Churchill on Socialism

Churchill on Socialism

"The Recruiting Parade," David Low in The Star, 7 October 1924. Figures are labeled "Plot Press, Monopolist, Defeats (Churchill), Hardface Employer, Cracked Protection, Ideals are Tommy Rot and Plot Press (Lord Beaverbrook), Churchill was making his third bid to regain a seat in Parliament, and he won.
“The Recruit­ing Parade,” David Low in The Star, 7 Octo­ber 1924. Fig­ures are labeled “Plot Press,” “Monop­o­list,” “Defeats” (Churchill), “Hard­face Employ­er,” “Cracked Pro­tec­tion,” “Ideals are Tom­my Rot” and “Plot Press” (Lord Beaver­brook), Churchill was mak­ing his third bid to regain a seat in Par­lia­ment, which he won. He was “so tick­led” by Low’s car­toon that he offered to pur­chase it, and the Labour news­pa­per sent it to him as a gift. He ran it with his essay “Car­toons and Car­toon­ists,” in Thoughts and Adven­tures (1932).

This quo­ta­tion is now going around the web, broad­ly attrib­uted to Churchill. Is it accu­rate? “Social­ism is a phi­los­o­phy of fail­ure, the creed of igno­rance, and the gospel of envy, its inher­ent virtue is the equal shar­ing of mis­ery.” —M.S. via email.

It is more or less cor­rect, but it’s a trun­cat­ed ver­sion of two sep­a­rate com­ments, run togeth­er to make them more inter­est­ing (in the eye of the drafter).

“Social­ism is the phi­los­o­phy of fail­ure, the creed of igno­rance, and the gospel of envy.” —Perth, Scot­land, 28 May 1948, in Churchill, Europe Unite: Speech­es 1947 & 1948 (Lon­don: Cas­sell, 1950), 347.

“The inher­ent vice of cap­i­tal­ism is the unequal shar­ing of bless­ings. The inher­ent virtue of Social­ism is the equal shar­ing of mis­eries.” —House of Com­mons, 22 Octo­ber 1945

A vari­a­tion on the above is: “I do not at all won­der that British youth is in revolt against the mor­bid doc­trine that noth­ing mat­ters but the equal shar­ing of mis­eries, that what used to be called the ‘sub­merged tenth’ can only be res­cued by bring­ing the oth­er nine-tenths down to their lev­el…” —House of Com­mons, 13 June 1948

Churchill’s lega­cy includes his philip­pics against social­ism, said the late Dr. Har­ry Jaf­fa,

which are no less tren­chant than those against fas­cism and Com­mu­nism. Con­sid­er the fol­low­ing excerpts from a speech in the Com­mons in 1949: “I was brought up to believe that tax­a­tion is a bad thing, but the con­sum­ing pow­er of the peo­ple a good thing. I was brought up to believe that trade should be reg­u­lat­ed main­ly by the laws of sup­ply and demand and that, apart from basic nec­es­saries in great emer­gen­cies, the price mech­a­nism should adjust and cor­rect undue spend­ing at home….I was also taught that it was one of the first duties of Gov­ern­ment to pro­mote that con­fi­dence on which cred­it and thrift….can alone stand and grow. I was taught to believe that these process­es, work­ing freely with­in the lim­its of the well-known laws for cor­rect­ing monopoly….would pro­duce a live­ly and con­tin­u­ous improve­ment in pros­per­i­ty. I still hold to those gen­er­al principles.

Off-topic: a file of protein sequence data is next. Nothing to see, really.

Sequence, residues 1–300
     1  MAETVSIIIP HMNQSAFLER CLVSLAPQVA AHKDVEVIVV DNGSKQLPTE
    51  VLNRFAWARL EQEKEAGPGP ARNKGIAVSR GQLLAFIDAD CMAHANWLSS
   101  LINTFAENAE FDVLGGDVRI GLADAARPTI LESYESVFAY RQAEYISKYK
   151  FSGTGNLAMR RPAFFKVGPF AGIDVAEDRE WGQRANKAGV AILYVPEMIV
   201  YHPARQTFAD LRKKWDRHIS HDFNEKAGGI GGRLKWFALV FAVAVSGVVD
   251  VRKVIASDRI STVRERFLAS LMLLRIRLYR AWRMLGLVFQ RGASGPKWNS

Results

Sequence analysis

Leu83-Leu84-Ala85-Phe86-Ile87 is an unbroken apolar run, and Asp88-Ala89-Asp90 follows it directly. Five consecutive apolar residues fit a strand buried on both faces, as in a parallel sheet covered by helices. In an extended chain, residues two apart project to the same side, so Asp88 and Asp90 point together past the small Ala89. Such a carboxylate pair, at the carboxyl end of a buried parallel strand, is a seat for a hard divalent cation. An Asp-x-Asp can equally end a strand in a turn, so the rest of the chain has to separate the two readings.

“Social­ists [on the oth­er hand] regard tax­a­tion as good in itself and as tend­ing to lev­el our society….Everything pos­si­ble is done dis­cour­age and stig­ma­tize the inven­tor. The Chan­cel­lor [of the Exche­quer] speaks in slight­ing terms of prof­it earners….What a lot of con­tempt he put into it—”profit earn­ers.” There was an old Glad­ston­ian expres­sion: ‘Let the mon­ey fruc­ti­fy in the pock­ets of the peo­ple.’ That is regard­ed as a mon­strous device of a deca­dent cap­i­tal­ist system.”

This more­over puts us in mind of that dic­tum con­cern­ing prop­er­ty assert­ed by the Father of the Amer­i­can Con­sti­tu­tion, James Madi­son, when he said, in the Tenth Fed­er­al­ist, that “the pro­tec­tion of dif­fer­ent and unequal fac­ul­ties of acquir­ing prop­er­ty [is] the first object of gov­ern­ment.” One might add that accord­ing to Madi­son, the U.S. Con­sti­tu­tion is intend­ed to pro­vide equal pro­tec­tion to unequal abil­i­ties. This is just as sure­ly what Abra­ham Lin­coln meant when in 1864 he wrote to the Workingmen’s Asso­ci­a­tion of New York that “Prop­er­ty is the fruit of labor; prop­er­ty is desir­able; it is a pos­i­tive good in the world. That some should be rich shows that oth­ers may become rich, and hence is just encour­age­ment to indus­try and enterprise.” *

* Har­ry V. Jaf­fa, “Requiem for Social­ism and the Iron Cur­tain,” Remarks on Churchill’s Birth­day, 30 Novem­ber 1990.

5 thoughts on “Churchill on Socialism

  1. Right Ed Sanders, as “its inher­ent virtue is the equal shar­ing of mis­ery.” Noth­ing else.

  2. I think Churchill rec­og­nized that the evils of social­ism were the seeds of pover­ty then war. The only peace that social­ism brings is when a few have the pow­er and sup­press all the (poor) peo­ple. The only way to enforce that ide­ol­o­gy is through force. First laws then the gun. Today in Venezuela is a good example.

  3. Vous dites que Churchill voulait la paix du monde , qui doit être la chose la plus stu­pide que je l’ai enten­du dans ma vie!

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